but became one of Spain when Charles, Duke of Burgundy,
became King of Spain in 1516.
Serious Catholic persecution of Netherlandish Protestants
began in 1550 when the Inquisition was imposed. Although
refugees may have begun to arrive in Sandwich earlier,
they were officially authorised to settle in the town
in 1561. They formed their own church in the following
year, and by 1564 Norwich was trying to lure some of
them away. Their skills were much in demand.
What about their building skills, though?
Many came from towns almost as tightpacked as Sandwich.
Their forebears, like Sandwich people, had built timber-framed
houses but timber was in shorter supply in much of the
Netherlands than it was in Kent, and brick (and to a
lesser extent dressed stone) took its place earlier
than it did here (Fig 6).
|FIG 4: Shaped gables
on the south side of the Cattlemarket, later demolished.
Photograph reproduced with kind permission of
Sandwich Guildhall Archives.
||FIG 5: Cattle market
showing Dutch gabled animal shed to the right. Photograph
reproduced with kind permission of Ray Dean, from
||FIG 6: Models showing
the evolution of the Netherlandish gable.
The practice was to build almost all town houses with
their gables facing the street. Netherlanders liked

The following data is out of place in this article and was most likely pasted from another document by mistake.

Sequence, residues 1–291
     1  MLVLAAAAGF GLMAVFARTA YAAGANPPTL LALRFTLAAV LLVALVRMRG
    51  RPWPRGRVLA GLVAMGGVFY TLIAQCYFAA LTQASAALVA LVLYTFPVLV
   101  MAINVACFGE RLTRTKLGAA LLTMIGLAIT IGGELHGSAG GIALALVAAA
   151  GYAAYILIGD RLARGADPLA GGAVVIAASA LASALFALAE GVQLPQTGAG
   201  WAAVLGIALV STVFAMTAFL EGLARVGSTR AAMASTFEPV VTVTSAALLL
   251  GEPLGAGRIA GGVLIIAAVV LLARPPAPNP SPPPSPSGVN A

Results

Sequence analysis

individuality so, rather than build plain gables, they
put up ornamental ones. At first these were crow-steps,
in a style common to much of northwest Europe, including
Scotland and parts of the English east coast. Or, if
crow-steps were too expensive, you could settle for
a tumbled gable with muizetanden (mouseteeth formed
by courses of bricks laid at right-angles to the gable-pitch).
But then the Spanish influence kicked in, and Renaissance
scrolls and other motifs were added to create a more
exotic outline. In Dutch these were known as halsgevels.
These were often busy with pilasters, string courses,
swags and ornamental ovals.
You couldnt afford these? Then you settled for
a simple curvilinear, or shaped, gable with
the distinctive curly outline we associate with Dutch
gables in East Kent. Later on, and finally, the halsgevel
was made bolder by eliminating all but one or two of
the steps and string-courses and building the pilasters
uninterruptedly from the base to the top of the gable.
This was the baroque gable.
Because so much of the Netherlands is low-lying, and
soils are often alluvial, the builders of these houses
took no chances. Instead of waiting for subsidence and
then repairing the resulting damage at great expense,
they installed tie-bars (ankers) to clamp walls to beams
from the very start. In keeping with the refined quality
of facades, these were of elegant profile, unlike their
crude English counterparts. Soon it dawned on builders
that tie-bars need not be plain. They could also be
decorative (sierankers) or informative, or both. Decorative
ones could have scrolls at top and foot. Informative
ones could carry the date of the building (jaartalankers),
or the initials of the owner, or both, again beautifully
executed. Prime local examples of jaartalankers are
those that date Manwood Court (the former Sir Roger
Manwood Grammar School) to 1564. The building itself
is like a hybrid Netherlandish-English manor house,